• How much collaboration or interactivity. If you know you want to stream presentations on demand, share screens, share documents, interact with participants via surveys or monitored Q&A chat, etc., look specifically for “web conferencing” capabilities. Some apps don’t offer full interactivity. And while many of the popular platforms offer these services, it’s generally not part of the free level.

As you consider these features you may come up with more you want or need. But this list will get you started!

Be sure your meeting is secure.

Everyone needs to consider security when going online. Earlier this year some online meetings were “bombed.” Pranksters and/or more determined bad actors assaulted meetings with racist images, pornography, interruptions, loud music, etc.  Online teaching sessions (with young children) were particularly targeted.

“Bombing” has been declared a cybercrime, so incidents seem to have died down. At the same time, better security practices have arisen. Your company may already have instituted upgraded security practices. Here are standard recommendations you and your company should be familiar with:

  • At home, use a VPN for your online meetings. By default, your data will be encrypted. Keep all your home devices updated and running anti-virus and malware protection. In particular, change default passwords for your router and any home IoT devices. (Surely you have heard the stories of hackers taking over home security cameras – and business security cameras, too! Readily accomplished when people use the same password for multiple accounts or devices, or never update passwords!)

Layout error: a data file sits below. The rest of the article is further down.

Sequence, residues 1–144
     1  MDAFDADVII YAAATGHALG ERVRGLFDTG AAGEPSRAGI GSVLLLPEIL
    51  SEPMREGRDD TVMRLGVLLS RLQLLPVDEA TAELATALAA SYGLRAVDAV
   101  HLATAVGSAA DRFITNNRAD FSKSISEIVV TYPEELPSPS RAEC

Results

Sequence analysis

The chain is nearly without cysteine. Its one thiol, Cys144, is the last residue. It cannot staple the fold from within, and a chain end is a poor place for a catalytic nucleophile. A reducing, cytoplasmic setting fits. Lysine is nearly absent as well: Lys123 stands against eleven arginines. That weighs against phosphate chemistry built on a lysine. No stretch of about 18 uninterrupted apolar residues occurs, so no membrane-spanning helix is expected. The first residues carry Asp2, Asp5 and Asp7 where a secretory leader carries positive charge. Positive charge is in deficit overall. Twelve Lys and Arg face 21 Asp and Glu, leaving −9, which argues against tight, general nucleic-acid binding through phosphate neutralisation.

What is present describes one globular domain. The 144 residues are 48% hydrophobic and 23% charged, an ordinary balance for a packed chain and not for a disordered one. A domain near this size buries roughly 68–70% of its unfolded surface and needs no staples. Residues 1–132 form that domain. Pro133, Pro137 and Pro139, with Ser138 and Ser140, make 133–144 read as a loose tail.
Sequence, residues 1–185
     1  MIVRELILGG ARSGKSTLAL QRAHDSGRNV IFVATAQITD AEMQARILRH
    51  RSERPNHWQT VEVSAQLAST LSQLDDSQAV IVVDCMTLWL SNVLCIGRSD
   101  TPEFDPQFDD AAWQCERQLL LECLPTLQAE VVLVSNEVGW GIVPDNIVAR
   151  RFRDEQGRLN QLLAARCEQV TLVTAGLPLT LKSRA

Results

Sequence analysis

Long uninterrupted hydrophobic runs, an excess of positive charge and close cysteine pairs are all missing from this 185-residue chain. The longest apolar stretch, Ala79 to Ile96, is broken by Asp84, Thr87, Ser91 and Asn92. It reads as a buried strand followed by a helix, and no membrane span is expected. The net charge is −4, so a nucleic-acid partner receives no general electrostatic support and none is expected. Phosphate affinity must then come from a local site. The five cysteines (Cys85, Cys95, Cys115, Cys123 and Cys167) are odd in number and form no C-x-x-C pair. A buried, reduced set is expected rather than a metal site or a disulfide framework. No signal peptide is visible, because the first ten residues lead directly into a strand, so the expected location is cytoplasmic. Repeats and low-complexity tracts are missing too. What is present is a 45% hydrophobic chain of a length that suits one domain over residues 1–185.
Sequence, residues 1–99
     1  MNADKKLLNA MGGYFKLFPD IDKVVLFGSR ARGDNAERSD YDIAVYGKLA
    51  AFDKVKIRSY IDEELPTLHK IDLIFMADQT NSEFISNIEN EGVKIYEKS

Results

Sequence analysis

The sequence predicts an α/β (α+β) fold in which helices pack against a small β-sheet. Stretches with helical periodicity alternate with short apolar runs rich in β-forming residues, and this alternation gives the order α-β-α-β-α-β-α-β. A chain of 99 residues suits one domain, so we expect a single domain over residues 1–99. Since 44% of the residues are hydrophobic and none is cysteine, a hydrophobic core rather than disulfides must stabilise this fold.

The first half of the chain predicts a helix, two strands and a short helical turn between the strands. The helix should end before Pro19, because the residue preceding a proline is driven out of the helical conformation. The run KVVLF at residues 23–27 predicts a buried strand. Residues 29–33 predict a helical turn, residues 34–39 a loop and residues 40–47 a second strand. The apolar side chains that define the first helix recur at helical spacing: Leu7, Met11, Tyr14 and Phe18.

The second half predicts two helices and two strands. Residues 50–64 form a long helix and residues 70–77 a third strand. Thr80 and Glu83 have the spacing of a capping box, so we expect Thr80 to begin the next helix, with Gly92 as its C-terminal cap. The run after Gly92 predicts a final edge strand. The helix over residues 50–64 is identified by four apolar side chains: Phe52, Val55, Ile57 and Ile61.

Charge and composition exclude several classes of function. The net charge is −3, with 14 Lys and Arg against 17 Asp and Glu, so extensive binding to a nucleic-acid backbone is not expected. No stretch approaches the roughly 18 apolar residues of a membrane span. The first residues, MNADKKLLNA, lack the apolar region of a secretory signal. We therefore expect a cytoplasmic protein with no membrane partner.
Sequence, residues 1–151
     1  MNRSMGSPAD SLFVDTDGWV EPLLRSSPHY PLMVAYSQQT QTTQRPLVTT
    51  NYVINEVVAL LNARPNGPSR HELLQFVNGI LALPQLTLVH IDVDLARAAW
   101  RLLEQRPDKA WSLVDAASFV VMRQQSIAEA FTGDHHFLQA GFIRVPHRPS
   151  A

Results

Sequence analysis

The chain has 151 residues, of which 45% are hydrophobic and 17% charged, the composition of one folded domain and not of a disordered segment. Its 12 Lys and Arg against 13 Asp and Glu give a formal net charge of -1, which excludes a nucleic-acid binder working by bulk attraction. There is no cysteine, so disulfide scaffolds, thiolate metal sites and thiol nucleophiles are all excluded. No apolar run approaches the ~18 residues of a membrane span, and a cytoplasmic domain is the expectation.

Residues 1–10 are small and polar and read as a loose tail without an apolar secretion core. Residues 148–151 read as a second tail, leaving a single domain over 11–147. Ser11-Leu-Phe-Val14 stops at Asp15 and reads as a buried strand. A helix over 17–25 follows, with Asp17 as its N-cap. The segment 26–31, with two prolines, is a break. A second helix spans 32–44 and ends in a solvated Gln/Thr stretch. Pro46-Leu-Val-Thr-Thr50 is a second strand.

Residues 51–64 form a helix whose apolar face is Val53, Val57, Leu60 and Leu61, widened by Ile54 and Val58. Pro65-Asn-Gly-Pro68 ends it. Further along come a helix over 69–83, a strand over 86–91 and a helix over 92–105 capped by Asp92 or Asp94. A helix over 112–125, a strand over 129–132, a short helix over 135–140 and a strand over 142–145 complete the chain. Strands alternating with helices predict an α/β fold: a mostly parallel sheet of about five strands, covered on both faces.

• If you are hosting the meeting, use strong meeting platform passwords at every step and change them frequently. Never share a host pin or meeting passwords publicly.
  • Only invite people you want to attend, and restrict meetings to people who signed up in advance or who are otherwise authenticated.
  • Require participants to sign in for meetings and choose “Announce When User Enters” for all meetings. When everyone has arrived, “lock” the room.
  • Enable “Mute participants on arrival” if available to prevent interruptions. You may also want to disable the chat feature.
  • If you run meetings back to back, use a “Waiting room” feature which keeps a new meeting attendee from accidentally barging in on a meeting still in progress.

A new caution: Be sure to block your webcam (unplug a separate camera, or put a piece of tape over the built in camera) when you are not on a video call! Hackers may be watching everything you do and seeing everything in your work space!

Communicate effectively!

We’ve all attended or seen video conferencing episodes interrupted by charming children or pets. We can overlook these . . . but participants will not welcome a meeting that is disturbed by echoes, static, loud noises, telephones ringing, faces in shadow, etc. Set up your meeting for the best possible experience!